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The Role of Pediatric Nurse Practitioners

        Diverse populations, autonomy, and advanced clinical practice are some aspects of the nurse practitioner role that attract nurses, but when children are added to the patient mix, the attraction becomes irresistible for many. Janna Willhaus, a CPNP in Prairie Village, Kansas, said, “I've always been drawn to children and like the opportunities to teach families and make a difference in their lives.”
        Pediatric nurse practitioners (PNPs) use critical thinking skills and form interdisciplinary partnerships to provide optimal care to their young patients. This role demonstrates the personal, collegial, and collaborative approach that defines all NP practice, but nowhere does diagnostic skill and competence in clinician/patient interaction have more importance than in the pediatric environment. Pediatric care spans a wide spectrum, covering newborns, infants, children, adolescents, and young adults. These patients are often unable to fully articulate their concerns, pain, or disability and so rely on perceptive and highly skilled practitioners to assess their needs and ease their fears.
        PNPs promote good health habits, follow evidence-based clinical practice guidelines for screening, advocate for children and families, provide anticipatory guidance, and counsel on environment, lifestyle, and development. They also are highly concerned with disease prevention. The most common activities in daily practice include:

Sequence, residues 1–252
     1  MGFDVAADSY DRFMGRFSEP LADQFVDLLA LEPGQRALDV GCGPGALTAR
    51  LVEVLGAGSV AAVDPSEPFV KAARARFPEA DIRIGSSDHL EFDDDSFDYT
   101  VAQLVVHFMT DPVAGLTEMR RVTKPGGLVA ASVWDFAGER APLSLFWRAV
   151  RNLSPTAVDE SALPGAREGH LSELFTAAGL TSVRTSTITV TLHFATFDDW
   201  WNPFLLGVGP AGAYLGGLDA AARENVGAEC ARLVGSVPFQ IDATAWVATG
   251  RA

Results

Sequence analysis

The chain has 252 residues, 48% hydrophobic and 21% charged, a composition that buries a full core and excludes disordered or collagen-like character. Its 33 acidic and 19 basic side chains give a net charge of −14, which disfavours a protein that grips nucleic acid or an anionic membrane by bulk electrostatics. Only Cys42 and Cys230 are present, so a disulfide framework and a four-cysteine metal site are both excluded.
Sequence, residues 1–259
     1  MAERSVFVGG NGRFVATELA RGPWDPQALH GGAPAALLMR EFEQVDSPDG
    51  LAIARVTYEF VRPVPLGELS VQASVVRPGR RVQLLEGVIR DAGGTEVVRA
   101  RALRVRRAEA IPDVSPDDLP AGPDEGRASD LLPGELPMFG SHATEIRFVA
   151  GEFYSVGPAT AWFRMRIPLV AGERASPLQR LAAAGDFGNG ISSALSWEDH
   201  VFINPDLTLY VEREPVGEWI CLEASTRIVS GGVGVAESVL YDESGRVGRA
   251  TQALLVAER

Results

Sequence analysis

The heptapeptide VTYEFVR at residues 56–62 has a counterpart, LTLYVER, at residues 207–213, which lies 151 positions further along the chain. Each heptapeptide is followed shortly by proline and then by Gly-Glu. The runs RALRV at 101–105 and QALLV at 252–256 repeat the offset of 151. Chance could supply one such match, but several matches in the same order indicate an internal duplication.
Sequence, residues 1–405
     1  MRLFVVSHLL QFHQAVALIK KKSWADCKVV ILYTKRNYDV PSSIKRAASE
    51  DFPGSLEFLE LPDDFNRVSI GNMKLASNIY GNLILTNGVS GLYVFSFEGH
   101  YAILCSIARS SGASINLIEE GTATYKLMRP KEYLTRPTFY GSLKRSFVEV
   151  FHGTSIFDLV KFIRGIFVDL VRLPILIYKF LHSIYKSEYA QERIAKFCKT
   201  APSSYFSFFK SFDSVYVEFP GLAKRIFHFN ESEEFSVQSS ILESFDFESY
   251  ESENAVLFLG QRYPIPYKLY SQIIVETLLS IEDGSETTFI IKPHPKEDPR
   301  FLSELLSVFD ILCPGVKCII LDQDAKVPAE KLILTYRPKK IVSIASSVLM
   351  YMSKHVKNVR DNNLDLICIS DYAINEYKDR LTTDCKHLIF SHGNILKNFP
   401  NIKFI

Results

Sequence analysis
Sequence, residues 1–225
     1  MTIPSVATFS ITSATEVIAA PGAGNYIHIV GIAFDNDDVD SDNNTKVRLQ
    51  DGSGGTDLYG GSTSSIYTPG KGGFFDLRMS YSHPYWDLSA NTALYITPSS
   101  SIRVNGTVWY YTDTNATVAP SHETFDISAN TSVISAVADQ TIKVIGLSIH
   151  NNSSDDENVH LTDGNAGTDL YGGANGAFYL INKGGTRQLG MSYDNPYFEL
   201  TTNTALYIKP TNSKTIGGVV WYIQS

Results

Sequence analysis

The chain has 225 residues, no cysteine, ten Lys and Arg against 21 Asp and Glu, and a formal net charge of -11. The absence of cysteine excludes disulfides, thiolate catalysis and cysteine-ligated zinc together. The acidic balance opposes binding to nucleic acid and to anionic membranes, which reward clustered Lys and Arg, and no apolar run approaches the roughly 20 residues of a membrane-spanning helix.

• Assessing growth patterns
        • Evaluating developmental milestones and educating parents about normal growth and development
        • Eliciting comprehensive health histories
        • Ordering and interpreting common laboratory and other diagnostic tests
        • Diagnosing and treating common acute illnesses
        • Prescribing medication
        • Ordering immunizations
        • Performing physical examinations, including school physicals, preparticipation sports physicals, and general well-child exams
        • Providing anticipatory guidance
        What professional and personal skills are necessary to excel as a PNP? Willhaus says, “The ability to listen, empathy, a gentle approach with children, patience, flexibility, the ability to take good history, and the ability to problem solve” are invaluable.
        In addition to their traditional role as integral team members in clinics owned by hospitals, health departments, health plans, and NP or physician groups, many PNPs are working in convenient care clinics, emergency departments, specialty practices, and acute/inpatient settings. The scope of practice for PNPs in many states extends their reach into hospitals, hospices, and retail settings.
        The National Association of Children's Hospitals and Related Institutions has 218 members in the US and six other countries. The most common conditions treated at these facilities are respiratory, gastrointestinal, neurological, and orthopedic. Thirty-four children's hospitals nationwide have earned Magnet™ status from the American Nurses Credentialing Center.
        If you are an NP seeking a new opportunity in pediatrics, check out the jobs offered on the following pages. Willhaus advises, “Take the time to make both the patient and parent comfortable, listen to the parents' concerns (if they don't think you listened to them, they probably won't listen to you), and remember that teaching is as important as diagnosing. The job is very rewarding, and you can make a difference.”